Animator Genís Rigol Alzola tells stories through vividly surreal animations. Wildly experimental, the animator pieces together eye-catching and colorful worlds with imaginative narratives as creative accomplices. But there’s another film element punctuating his visuals — the incorporation of abstract sound design.
Rigol’s animation, Irudika was his first animated film where he stepped into the role as sound designer (with support of sound design expert and colleague, Pau Anglada). Purposed to convey emotion, the sound design is a driving force behind every action, creating a unique personality for each character — distinguishing protagonist from foe.
As sound designers ourselves, we’re in awe of Rigol’s distinct vision and ear for great sound composition. His videos consistency chosen as Vimeo Staff Picks, we reached out to learn more about his creative process and how he approaches sound design in video. Read on and watch more of Rigol’s work below.
Marmoset: What drew you to animation as a medium and what inspires you to create?
Rigol: I've always liked watching movies, reading books and comics. I also like looking at paintings and buildings; getting out of myself for a bit and seeing experiences from the perspective of others. For a while, I wrote quite a lot but I got stuck fast, as it felt like I was saying the same over and over—I didn't like how my writing sounded.
M: A lot of your work feels contextually abstract, even the transitions kind of make everything feel so fluid, moving the narrative with ease. Can you offer us a glimpse into your creative process?
Rigol: I guess what works for me is having a necessity to form an idea. This is the big secret: sit down and write. It can be a nightmare for a while, but it will always come around. It's always easier when I work with people, then it’s almost just saying stupid things one after the other and after a while, somehow we have a starting point. It’s making the idea into something that’s the difficult part—during the process I never know if the idea is actually good; some things can only be recognized once the work is finished.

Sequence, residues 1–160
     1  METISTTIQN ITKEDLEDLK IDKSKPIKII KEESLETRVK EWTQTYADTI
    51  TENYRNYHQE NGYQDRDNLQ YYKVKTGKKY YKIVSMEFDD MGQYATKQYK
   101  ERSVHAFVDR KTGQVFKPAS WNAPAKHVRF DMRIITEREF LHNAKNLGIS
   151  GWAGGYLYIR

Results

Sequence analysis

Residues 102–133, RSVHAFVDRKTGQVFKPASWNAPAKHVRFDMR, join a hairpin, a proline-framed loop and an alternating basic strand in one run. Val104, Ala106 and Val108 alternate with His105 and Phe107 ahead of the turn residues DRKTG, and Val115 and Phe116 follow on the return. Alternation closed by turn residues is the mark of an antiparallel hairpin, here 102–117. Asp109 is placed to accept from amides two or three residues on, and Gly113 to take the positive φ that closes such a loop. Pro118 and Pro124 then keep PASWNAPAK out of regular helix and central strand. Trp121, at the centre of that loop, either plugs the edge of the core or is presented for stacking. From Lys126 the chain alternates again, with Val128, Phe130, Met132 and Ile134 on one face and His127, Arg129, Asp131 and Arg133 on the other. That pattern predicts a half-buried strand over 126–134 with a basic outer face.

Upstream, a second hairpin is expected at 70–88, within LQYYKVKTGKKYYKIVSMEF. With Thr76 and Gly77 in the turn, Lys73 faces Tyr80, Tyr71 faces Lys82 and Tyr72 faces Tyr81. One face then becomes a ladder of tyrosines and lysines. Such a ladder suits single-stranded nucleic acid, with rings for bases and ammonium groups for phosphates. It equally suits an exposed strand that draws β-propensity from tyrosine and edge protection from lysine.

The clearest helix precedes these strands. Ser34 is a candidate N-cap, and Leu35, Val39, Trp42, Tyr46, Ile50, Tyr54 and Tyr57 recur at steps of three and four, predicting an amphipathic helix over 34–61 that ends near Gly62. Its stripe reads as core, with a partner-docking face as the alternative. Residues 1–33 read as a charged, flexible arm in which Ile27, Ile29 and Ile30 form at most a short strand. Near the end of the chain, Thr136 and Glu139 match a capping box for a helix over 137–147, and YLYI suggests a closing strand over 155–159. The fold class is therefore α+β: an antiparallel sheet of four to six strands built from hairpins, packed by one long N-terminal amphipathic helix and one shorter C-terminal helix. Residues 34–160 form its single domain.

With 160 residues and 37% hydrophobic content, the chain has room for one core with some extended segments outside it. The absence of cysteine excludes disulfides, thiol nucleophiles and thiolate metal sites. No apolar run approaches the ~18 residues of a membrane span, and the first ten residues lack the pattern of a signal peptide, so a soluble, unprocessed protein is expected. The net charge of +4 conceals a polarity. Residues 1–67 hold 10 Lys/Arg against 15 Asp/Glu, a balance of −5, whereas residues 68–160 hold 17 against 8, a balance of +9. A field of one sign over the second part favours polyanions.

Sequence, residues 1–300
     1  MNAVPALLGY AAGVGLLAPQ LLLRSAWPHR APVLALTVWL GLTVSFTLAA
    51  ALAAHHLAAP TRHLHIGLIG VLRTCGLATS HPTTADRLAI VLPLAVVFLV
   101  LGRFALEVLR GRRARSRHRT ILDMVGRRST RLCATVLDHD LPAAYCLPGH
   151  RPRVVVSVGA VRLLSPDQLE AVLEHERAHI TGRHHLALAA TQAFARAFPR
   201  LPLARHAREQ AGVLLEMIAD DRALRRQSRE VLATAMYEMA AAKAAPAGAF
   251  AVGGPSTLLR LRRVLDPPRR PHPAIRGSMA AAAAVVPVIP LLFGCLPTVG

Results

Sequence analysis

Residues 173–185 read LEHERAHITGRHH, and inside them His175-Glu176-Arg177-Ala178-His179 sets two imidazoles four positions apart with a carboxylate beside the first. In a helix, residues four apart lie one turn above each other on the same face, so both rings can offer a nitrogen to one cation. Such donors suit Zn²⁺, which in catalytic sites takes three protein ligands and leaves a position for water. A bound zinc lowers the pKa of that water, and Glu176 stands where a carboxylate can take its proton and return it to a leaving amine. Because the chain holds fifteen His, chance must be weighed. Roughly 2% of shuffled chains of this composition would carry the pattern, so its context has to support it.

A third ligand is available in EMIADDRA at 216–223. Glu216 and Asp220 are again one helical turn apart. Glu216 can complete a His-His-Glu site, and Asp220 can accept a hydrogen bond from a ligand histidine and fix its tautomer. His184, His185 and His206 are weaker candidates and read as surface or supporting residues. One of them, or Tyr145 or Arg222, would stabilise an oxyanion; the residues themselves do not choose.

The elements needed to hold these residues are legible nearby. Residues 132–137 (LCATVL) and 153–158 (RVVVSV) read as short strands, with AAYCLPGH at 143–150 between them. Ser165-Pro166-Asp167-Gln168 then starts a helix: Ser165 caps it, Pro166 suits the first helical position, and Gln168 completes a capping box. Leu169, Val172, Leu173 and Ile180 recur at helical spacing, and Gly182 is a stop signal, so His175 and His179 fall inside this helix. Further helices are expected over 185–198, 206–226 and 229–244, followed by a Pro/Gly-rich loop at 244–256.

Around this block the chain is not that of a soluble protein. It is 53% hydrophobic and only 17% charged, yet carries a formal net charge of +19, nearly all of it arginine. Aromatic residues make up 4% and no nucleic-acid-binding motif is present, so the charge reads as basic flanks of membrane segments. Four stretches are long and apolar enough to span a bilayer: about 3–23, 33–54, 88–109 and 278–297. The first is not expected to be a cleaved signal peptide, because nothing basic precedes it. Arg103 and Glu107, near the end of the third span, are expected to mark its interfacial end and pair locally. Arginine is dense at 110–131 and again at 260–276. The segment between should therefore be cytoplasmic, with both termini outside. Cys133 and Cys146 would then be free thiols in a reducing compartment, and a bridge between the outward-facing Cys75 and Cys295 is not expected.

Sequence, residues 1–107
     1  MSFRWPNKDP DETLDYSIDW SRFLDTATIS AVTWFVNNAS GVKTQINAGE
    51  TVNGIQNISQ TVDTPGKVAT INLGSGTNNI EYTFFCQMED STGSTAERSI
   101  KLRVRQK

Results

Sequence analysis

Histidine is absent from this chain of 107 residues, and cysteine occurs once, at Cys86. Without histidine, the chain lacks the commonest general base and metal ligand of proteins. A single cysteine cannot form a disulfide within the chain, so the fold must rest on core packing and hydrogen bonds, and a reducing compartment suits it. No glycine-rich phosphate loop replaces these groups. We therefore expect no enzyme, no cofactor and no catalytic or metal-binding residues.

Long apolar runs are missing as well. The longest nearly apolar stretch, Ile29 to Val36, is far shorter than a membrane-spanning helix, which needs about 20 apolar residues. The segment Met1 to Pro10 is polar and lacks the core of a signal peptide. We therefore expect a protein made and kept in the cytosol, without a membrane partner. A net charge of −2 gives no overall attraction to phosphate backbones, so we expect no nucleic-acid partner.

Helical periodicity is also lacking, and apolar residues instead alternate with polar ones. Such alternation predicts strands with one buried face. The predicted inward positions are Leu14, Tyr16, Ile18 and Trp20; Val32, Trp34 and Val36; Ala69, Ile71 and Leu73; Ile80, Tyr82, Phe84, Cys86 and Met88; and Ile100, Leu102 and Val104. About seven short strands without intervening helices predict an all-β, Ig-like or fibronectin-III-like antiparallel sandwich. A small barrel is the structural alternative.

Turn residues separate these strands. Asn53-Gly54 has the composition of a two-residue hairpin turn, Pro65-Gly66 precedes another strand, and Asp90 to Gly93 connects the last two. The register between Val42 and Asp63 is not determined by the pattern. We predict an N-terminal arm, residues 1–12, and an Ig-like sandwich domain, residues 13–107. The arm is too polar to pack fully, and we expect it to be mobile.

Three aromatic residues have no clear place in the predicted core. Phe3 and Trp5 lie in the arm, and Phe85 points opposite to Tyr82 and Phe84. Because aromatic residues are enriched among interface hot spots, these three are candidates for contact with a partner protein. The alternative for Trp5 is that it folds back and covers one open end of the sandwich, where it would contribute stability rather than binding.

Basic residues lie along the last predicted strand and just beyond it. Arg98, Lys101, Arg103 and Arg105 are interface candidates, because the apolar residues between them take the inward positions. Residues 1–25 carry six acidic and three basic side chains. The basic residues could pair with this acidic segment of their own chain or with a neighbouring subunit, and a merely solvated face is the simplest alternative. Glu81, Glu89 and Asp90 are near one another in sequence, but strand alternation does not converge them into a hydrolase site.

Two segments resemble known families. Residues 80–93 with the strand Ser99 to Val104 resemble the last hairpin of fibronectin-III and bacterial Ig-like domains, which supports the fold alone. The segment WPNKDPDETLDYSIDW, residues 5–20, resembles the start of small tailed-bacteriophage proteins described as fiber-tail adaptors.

What works for me though is reading. Lately, I’ve been reading theatre since it’s more aligned with what I want to write. But reading the plays feels like I'm being rude to the writer—as these texts are written down to be acted out rather than being read as text.
The other approach is to pay attention to reality, although this isn’t easy to practice. I used to carry around a small notebook to write down the things I see. But honestly, most of the time I open the notebook and read what I wrote, I ask myself what was I thinking. In the instance an idea stays with me for enough time, I’ll then start developing it further.
Generally, I can't finish the story with just a script. Instead, I need to work on the storyboard and the animatic then slowly understand what I want to say. To be honest, my stories may be only be excuses to do some experimentation with visuals. I'm trying to improve this lately and give more importance to the stories, but writing well is very difficult.